The big inventory overhang
As more and more companies report to the market, it’s becoming clear that many of them have a huge inventory overhang. Far from ideal when the global economy looks to be turning south.
The first to hit the headlines were big retailers such as Walmart & Target. Demand was so high when supply was so restricted or delayed that it was really hard for companies to plan their inventories. Anecdotally, some let the software take care of it, others extrapolated the current demand levels.
It’s easy to criticise, but times have been highly uncertain, and the end result is the same. Lots of companies have too much stuff, and they might need to shift it at a discount.
Levi Strauss was the latest apparel company to cut its full-year profit forecast. The company missed third-quarter revenue targets, and warned that softening demand and a strengthening U.S. dollar adds to worries alongside higher costs.
Chip Bergh, president and chief executive officer of Levi Strauss & Co. was naturally optimistic even as he acknowledged the unpredictable environment ahead:
“While we expect the macroeconomic backdrop to remain unpredictable over the next few quarters, our strong brands, diversified business model and proven team position us to deliver on our long-term objectives. We have separated ourselves from the competition by making the right moves in challenging times, and this environment is no different. We will operate with discipline and lean into our strengths to further expand our lead for the years to come.”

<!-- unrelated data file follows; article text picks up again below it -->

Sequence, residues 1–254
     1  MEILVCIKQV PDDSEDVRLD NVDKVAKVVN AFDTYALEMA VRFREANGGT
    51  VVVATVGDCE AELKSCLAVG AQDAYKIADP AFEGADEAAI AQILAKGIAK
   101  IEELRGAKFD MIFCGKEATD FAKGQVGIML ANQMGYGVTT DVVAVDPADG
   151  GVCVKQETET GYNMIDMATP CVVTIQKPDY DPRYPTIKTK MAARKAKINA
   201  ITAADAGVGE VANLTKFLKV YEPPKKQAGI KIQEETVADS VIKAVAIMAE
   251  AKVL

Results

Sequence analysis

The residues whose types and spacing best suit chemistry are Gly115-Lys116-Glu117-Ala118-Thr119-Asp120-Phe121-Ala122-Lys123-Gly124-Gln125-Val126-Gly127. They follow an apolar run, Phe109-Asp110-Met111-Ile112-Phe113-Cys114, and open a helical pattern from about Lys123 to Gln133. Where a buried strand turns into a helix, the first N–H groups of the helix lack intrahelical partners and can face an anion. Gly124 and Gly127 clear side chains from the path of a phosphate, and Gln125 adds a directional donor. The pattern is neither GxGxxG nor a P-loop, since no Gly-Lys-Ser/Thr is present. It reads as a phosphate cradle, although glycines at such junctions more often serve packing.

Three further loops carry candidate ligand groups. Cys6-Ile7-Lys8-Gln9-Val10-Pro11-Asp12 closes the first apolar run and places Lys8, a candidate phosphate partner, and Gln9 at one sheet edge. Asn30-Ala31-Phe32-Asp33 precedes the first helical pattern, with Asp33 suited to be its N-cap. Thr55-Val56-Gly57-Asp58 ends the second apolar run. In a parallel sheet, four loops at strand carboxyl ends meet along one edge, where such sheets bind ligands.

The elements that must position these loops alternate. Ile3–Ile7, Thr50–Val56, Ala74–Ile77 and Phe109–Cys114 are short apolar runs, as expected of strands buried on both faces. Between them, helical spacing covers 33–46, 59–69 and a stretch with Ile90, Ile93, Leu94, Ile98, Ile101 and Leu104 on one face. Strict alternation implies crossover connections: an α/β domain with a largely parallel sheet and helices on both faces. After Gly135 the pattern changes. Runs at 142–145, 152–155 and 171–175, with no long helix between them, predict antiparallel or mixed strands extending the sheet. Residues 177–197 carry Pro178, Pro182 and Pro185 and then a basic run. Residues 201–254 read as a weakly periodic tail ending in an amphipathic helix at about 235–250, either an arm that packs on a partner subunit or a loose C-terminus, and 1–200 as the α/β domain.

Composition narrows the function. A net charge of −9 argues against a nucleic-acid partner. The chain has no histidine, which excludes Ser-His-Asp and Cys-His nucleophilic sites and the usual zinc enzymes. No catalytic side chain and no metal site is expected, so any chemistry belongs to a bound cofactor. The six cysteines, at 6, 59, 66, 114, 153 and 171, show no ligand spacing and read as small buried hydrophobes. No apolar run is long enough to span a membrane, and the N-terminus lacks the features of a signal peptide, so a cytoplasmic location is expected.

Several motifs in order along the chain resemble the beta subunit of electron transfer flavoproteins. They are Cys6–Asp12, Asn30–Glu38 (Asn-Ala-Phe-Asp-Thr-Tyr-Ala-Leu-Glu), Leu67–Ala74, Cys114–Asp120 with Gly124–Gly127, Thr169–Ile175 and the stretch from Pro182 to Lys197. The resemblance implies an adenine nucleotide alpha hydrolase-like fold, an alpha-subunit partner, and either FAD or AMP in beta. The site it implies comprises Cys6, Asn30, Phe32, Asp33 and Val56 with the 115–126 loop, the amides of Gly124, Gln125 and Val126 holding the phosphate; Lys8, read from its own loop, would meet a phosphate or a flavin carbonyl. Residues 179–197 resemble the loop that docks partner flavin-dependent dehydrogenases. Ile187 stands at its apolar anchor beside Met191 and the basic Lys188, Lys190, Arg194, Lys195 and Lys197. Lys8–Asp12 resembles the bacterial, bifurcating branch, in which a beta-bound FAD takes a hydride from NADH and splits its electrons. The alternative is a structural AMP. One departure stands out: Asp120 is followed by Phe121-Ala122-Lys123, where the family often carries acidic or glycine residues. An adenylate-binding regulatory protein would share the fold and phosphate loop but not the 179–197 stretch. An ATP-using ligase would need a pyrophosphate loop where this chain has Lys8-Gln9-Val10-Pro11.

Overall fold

The stock initially fell by 6% in after hours trade.
They’re far from the only company suffering with this. Nike shares tanked after their latest earnings report, gapping down by over 10%. The report revealed a huge inventory overhang.
Shares have traded higher since although the gap still hasn’t quite been closed.
Morgan Stanley analysts published a note explaining how all of Nike’s problems had come at once, especially in North America where inventory levels increased by +65% in 1Q23. The analysts point to delayed deliveries from the previous supply chain problems, combining with Nike’s ‘early-ordering’ for the holiday season. Like buses, they all came at once.
The analysts added:
“Nike now plans to aggressively clear excess inventory, which will result in gross margin pressures for the remainder of the year… the company believes that only about 10% of its inventory will be subject to clearance-driving markdowns.”
Is this realistic and what will the earnings impact be?
AMD was the latest chipmaker to announce their struggles, pre-announcing that third-quarter earnings would miss estimates by a whopping $1 billion.
AMD Chief Executive Lisa Su blamed PC demand and inventory oversupply:
“Macroeconomic conditions drove lower-than-expected PC demand and a significant inventory correction across the PC supply chain. As we navigate the current market conditions, we are pleased with the performance of our data center.”
Inventory situations and demand conditions are likely to appear more frequently as earnings seasons heats up in the coming weeks.
Not investment advice. Past performance does not guarantee or predict future performance.
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